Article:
Morton-indexed 2D or 3D grid containers. More...
|class||ash::dense_hashgrid< Coord, Data, Alloc >|
|A hashgrid with dense_hashtable as a backend. More...|
|class||ash::sparse_hashgrid< Coord, Data, Alloc >|
|A hashgrid with sparse_hashtable as a backend. More...|
Morton-indexed 2D or 3D grid containers.
A Hash Grid is a Hash Graph implemented as a 2D or 3D matrix. Semantics are identical to those of Hash Matrix, the trade off is in additional time for inserts, deletes, and especially resizes (linking the nodes) for reduced navigation time (following the links):
A Hash Matrix is a geometric hashed container which implements the STL concepts Unique Hashed Associative Container and Pair Associative Container . As such, it has many similarities with STL's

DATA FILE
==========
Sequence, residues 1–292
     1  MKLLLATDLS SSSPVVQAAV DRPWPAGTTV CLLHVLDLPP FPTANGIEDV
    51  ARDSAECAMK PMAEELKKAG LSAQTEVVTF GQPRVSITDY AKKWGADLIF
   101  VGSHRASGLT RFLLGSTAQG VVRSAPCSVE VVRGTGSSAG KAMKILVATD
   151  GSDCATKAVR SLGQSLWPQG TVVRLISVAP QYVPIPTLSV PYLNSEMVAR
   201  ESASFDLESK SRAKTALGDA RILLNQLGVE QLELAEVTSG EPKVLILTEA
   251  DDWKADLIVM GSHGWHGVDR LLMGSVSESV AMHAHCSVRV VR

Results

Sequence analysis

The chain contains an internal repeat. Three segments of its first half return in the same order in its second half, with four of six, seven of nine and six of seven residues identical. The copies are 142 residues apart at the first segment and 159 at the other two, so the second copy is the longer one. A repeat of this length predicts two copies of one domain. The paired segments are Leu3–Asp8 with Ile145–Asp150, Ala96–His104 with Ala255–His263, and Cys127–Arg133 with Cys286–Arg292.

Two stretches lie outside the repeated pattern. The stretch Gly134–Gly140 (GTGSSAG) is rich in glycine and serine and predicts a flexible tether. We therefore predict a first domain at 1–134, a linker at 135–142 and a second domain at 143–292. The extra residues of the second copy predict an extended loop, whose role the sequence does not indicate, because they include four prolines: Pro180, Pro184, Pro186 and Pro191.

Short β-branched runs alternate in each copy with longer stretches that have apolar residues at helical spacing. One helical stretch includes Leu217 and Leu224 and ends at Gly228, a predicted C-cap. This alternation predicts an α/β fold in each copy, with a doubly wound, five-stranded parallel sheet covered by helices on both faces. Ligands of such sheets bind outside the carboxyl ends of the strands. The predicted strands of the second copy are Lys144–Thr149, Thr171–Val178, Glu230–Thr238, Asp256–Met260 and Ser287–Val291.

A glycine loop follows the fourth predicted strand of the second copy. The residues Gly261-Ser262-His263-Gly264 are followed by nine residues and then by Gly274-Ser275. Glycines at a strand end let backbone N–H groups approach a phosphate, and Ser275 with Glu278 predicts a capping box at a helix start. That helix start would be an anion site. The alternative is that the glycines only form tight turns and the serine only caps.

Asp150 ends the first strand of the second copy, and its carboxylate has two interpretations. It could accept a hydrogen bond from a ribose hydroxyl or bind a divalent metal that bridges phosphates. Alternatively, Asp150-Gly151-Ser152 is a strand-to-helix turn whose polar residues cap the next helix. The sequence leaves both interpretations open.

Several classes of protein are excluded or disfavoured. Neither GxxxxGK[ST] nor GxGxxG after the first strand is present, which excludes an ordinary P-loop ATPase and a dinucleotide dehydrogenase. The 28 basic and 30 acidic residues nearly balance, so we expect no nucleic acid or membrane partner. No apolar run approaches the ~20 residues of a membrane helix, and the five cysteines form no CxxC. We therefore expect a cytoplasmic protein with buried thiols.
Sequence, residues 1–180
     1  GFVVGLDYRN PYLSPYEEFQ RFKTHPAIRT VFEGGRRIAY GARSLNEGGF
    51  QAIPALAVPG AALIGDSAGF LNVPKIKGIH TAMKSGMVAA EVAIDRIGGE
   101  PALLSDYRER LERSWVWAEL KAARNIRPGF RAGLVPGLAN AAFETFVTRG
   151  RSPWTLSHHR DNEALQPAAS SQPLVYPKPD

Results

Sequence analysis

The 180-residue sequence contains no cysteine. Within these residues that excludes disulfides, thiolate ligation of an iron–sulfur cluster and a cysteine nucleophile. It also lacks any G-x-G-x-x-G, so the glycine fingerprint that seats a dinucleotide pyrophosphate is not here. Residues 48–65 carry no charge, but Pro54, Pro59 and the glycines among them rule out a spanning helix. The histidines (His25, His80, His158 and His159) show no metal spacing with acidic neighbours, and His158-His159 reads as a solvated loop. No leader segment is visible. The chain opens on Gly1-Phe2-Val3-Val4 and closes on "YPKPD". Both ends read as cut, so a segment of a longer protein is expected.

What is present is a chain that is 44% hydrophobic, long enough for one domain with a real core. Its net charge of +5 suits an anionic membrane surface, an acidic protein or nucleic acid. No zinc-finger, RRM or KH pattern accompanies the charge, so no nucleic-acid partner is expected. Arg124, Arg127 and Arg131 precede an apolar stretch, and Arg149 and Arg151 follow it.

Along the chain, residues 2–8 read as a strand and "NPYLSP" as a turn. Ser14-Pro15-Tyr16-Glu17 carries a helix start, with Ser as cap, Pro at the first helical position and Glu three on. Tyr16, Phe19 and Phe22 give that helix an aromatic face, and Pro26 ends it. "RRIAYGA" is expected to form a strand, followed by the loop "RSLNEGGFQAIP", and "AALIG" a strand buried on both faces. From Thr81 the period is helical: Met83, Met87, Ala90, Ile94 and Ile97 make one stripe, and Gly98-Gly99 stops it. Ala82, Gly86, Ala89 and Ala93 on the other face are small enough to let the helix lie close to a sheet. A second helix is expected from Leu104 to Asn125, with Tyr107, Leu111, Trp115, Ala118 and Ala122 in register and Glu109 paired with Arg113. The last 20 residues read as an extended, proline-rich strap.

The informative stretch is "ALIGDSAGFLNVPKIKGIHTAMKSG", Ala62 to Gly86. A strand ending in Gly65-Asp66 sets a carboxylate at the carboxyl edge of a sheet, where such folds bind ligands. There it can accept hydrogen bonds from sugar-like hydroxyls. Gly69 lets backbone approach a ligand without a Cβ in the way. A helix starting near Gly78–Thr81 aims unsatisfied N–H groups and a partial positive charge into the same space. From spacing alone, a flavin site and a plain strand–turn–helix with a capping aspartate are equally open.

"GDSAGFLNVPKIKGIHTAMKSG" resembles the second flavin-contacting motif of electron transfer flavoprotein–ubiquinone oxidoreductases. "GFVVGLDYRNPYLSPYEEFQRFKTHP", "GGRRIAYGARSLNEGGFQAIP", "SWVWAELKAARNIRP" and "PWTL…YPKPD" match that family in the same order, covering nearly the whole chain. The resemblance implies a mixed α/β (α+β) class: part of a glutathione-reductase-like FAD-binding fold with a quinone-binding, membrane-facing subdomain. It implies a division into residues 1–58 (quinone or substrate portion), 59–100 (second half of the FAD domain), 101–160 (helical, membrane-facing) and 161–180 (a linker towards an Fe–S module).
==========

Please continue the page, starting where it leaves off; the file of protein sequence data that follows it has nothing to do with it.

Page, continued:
hash_map. The only area where the
hash_map semantics are not valid for a
hash_matrix is in the template parameters. The major difference is that you cannot specify an arbitrary key type, it must be a pcoord type. In reality you are specifying 2 things this way: the size of the key, and the dimensionality of the data (2D or 3D). Since the key type is mostly pre-defined, the hash functor and key equality functor are also built-in; you cannot specify either. As a result, there are only 3 template parameters:
As a geometric container, it is useful to have a way to iterate through elements by axis, and for this purpose we provide hash_matrix::navigator and hash_matrix::const_navigator. They work similarly to iterators, except that it is not possible to increment and decrement them directly. Instead, they have x, y, and (for 3D) z members, which allow intuitive semantics like ++nav.x, nav.y++, --nav.z, etc. Another important difference is that navigators may be at "empty" locations: they may represent any valid coordinate, but are only dereferenceable if there is an element associated with the coordinate in the container. To determine if the navigator is dereferencable, they provide the valid() method.
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